Fast of Tammuz

Yesterday (Sunday) was the Fast of Tammuz.  This is a minor fast which marks the start of the three weeks (known, with a modest lack of ingenuity, as “The Three Weeks”) before the more major fast of Tisha B’Av.

The Fast of Tammuz is normally on the 17th of the (Hebrew) month of Tammuz, but as that fell on Shabbat this year, it was postponed to Sunday.  Why do orthodox Jews fast? Broadly speaking, the purpose is to make people stop and think about their behavior, to repent, and improve. The date – although I believe the Tammuz fast used to be on another date – is supposed to be the date on which terrible things happened to the Jewish people in olden times. (Given the history of the Jews, a cynic might rightfully point out that any day chosen would be suitable since something bad was bound to have happened. But we’ll ignore that and move rapidly on.)

This year I had a monster of a headache, so had to bail out of work earlier than I planned and retire to my bed. This, despite the preparation of avoiding coffee and chocolate before the fast started, and loading up on water, water, and more water. I must have been naughty. One of my work colleagues who was fasting was put to the test by his young baby choosing the night before as the night to disturb his sleep. Twice. Now that must have been a hard fast.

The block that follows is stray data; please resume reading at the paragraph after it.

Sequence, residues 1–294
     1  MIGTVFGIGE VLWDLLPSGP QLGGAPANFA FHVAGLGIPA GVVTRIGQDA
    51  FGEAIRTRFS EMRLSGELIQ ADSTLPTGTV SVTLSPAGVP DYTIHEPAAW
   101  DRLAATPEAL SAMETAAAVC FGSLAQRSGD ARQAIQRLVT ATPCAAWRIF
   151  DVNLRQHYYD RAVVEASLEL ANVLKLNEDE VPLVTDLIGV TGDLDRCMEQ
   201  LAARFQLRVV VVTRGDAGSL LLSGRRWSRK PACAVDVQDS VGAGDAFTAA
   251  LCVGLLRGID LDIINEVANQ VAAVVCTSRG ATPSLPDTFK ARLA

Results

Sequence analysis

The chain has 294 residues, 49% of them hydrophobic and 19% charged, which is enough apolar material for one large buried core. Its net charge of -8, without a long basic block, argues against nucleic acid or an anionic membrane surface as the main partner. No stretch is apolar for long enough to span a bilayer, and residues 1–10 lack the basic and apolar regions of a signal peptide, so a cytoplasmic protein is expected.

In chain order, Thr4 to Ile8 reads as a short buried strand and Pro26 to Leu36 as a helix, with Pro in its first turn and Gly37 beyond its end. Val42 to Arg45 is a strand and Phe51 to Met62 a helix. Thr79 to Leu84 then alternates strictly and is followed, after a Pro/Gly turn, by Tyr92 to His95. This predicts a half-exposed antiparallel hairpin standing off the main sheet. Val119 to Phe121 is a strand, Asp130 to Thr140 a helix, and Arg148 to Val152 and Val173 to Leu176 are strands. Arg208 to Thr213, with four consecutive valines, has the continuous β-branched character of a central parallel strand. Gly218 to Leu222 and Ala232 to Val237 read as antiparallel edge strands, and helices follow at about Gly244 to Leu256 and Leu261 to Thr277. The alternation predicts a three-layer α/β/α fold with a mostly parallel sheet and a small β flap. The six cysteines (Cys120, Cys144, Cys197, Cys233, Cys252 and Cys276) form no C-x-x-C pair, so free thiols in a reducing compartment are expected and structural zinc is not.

In the general population, this fast is largely ignored. (Yes, this does mean that food is all around you at work. Lunchtime is especially challenging.) However, that’s not the case with the forthcoming Tisha B’Av fast, which is well marked even by more traditional Jews and is a right royal depressive experience; solemn, sad and potentially soul destroying. I really don’t like it, which is probably at least part of the point. It’s a day of no leather shoes, sitting on the floor or low chairs, learning only melancholy Torah, and fasting. (And that’s just scratching the surface of the restrictions some follow.) And it’s always a hot day in Israel according to local sources.

Well, let’s hope that this year the three weeks – sorry, THE THREE WEEKS –  lead to an effective Tisha B’Av, an easy fast, and no more catastrophes for anybody to mark.


Fast of Tammuz

Tisha B’Av